The Ethics of Literary Communication
Genuineness, directness, indirectness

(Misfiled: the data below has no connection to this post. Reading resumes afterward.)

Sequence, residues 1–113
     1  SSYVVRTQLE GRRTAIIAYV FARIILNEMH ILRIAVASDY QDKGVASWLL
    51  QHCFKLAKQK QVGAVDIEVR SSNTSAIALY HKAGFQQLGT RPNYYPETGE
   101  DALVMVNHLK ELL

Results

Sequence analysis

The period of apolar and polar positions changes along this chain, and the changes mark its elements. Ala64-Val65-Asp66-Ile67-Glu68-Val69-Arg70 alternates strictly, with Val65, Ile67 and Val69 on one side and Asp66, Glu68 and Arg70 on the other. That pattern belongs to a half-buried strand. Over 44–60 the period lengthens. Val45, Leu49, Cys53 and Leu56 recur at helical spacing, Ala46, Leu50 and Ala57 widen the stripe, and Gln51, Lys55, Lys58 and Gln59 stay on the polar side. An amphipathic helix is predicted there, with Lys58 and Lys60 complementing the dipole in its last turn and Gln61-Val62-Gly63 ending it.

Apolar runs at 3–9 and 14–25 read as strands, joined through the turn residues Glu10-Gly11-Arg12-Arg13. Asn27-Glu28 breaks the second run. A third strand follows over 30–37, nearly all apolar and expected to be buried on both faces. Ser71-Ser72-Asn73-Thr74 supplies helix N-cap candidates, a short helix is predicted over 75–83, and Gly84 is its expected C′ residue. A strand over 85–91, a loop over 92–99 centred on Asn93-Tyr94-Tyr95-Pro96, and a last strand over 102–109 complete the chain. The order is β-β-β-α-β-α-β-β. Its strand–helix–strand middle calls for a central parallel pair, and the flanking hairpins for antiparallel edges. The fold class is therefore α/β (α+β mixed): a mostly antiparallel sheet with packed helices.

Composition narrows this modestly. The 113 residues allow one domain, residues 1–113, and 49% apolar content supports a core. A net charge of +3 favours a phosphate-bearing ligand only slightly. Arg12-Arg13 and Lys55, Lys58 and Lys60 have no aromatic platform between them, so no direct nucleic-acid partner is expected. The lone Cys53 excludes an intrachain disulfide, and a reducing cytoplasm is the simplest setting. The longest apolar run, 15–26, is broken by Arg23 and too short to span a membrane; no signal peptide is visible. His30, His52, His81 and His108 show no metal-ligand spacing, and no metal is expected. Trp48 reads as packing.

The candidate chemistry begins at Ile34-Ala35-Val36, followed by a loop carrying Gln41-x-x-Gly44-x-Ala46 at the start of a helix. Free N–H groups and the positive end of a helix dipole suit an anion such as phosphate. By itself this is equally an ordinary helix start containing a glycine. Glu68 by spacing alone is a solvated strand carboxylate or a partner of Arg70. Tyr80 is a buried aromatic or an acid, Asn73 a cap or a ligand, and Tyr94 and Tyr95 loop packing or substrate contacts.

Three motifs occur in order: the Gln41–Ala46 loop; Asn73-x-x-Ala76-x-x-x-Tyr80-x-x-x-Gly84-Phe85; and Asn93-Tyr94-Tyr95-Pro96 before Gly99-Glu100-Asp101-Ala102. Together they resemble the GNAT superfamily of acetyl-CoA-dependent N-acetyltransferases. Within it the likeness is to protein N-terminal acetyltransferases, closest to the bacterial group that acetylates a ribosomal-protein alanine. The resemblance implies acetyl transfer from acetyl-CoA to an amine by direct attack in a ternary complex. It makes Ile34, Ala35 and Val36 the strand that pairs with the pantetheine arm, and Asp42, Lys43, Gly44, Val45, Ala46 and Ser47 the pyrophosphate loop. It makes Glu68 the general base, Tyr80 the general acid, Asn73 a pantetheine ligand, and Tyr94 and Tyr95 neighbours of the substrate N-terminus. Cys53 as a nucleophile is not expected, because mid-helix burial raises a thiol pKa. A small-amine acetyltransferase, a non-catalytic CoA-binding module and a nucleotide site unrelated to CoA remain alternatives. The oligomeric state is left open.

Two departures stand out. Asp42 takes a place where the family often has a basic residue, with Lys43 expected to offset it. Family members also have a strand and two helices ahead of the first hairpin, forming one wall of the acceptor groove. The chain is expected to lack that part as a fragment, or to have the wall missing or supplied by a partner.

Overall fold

Viewing literature as one among other forms of communication, Roger D. Sell and his colleagues evaluate writer-respondent relationships according to the same ethical criterion as applies for dialogue of any other kind. In a nutshell: Are writers and readers respecting each other’s human autonomy? If and when the answer here is “Yes!”, Sell’s team describe the communication that is going on as ‘genuine’. In this latest book, they offer new illustrations of what they mean by this, and ask whether genuineness is compatible with communicational directness and communicational indirectness. Is there a risk, for instance, that a very direct manner of writing could be unacceptably coercive, or that a more indirect manner could be irresponsible, or positively deceitful? The book’s overall conclusion is: “Not necessarily!” A directness which is truthful and stimulates free discussion does respect the integrity of the other person. And the same is true of an indirectness which encourages readers themselves to contribute to the construction and assessment of ideas, stories and experiences – sometimes literary indirectness may allow greater scope for genuineness than does the directness of a non-literary letter. By way of illustrating these points, the book opens up new lines of inquiry into a wide range of literary texts from Britain, Germany, France, Denmark, Poland, Romania, and the United States.